Consumers and businesses should be cautious if organizations or businesses that they do not know ask to invest in them or provide personal information. The Financial and Consumer Services Commission (FCNB) issued this alert following a series of incidents reported recently throughout the province.
“A pyramid network described as a ‘pay it forward cloud’ targeting women mainly in northern New Brunswick, a telephone scam targeting Syrian newcomers in Saint John and a phishing scam targeting small business owners in western New Brunswick have all come to our attention in recent weeks,” said Rick Hancox, CEO of the Commission. “Putting money into unregistered investments can be risky. Providing banking information over the telephone is ill-advised and may expose the provider to significant identity theft risks.”
The scheme prevalent in northern New Brunswick leads participants to believe a gifting club will generate a return of up to 800 per cent and help other women. Potential members have been asked to make an investment ranging from $1,250 for a return of $10,000, to $625 for a return of $5,000, with the requirement that each member recruit two other people.
However, as with all pyramid-based scams, it is doomed to fail before all members can recoup their investment: the number of recruits must constantly increase to prevent the collapse of the scheme.
In Saint John, a family of Syrian refugees was contacted by someone seeking money and banking information in exchange for English lessons. The family lost about $400 after falling prey to this telephone scam. The family’s interpreter called the bank and the Saint John police, but the money had already been taken from their account.
In western New Brunswick, a photography business was contacted by a woman claiming to be hearing impaired so she could only communicate via text. She wanted to buy services for a wedding and insisted the business charge an additional amount to a credit card for a wedding planner who, according to her, was unable to accept the credit card directly.
Another small business was asked to provide interior design services worth almost $4,000, with a down payment of $1,000, to be sent to a second person who would provide a key to enter the house needing the design work, after which the balance would be paid. The calls came from Baltimore, Maryland, as well as from Texas.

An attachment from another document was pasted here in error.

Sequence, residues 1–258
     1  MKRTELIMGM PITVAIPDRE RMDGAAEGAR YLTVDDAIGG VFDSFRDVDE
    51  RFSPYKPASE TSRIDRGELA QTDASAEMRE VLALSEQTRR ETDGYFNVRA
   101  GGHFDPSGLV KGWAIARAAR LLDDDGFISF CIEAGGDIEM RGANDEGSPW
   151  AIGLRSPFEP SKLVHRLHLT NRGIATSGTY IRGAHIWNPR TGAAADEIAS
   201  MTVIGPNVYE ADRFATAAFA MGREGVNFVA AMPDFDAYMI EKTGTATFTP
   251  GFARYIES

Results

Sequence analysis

“The RCMP was made aware of the shady telephone calls to businesses in western New Brunswick, but no formal complaints were made, and, fortunately no one was defrauded,” said Cpl. Chantal Roger, with New Brunswick’s RCMP Financial Crime Unit. “Fraudsters continue to become more sophisticated. We have been made aware of several businesses in New Brunswick being targeted specifically. The fraudster is usually contacting them from outside of Canada and wants to pay up front through a credit card for the company’s services but then looks for bank account information to complete the transaction. These are all warning signs.”
The Financial and Consumer Services Commission has the mandate to protect consumers and enhance public confidence in the financial and consumer marketplace through the provision of regulatory and educational services. It is responsible for the administration and enforcement of provincial legislation that regulates the following sectors: securities, insurance, pensions, credit unions, caisses populaires, trust and loan companies, co-operatives, and a range of other consumer legislation. It is an independent Crown corporation funded by the regulatory fees and assessments paid by the regulated sectors. Educational tools and resources are available online.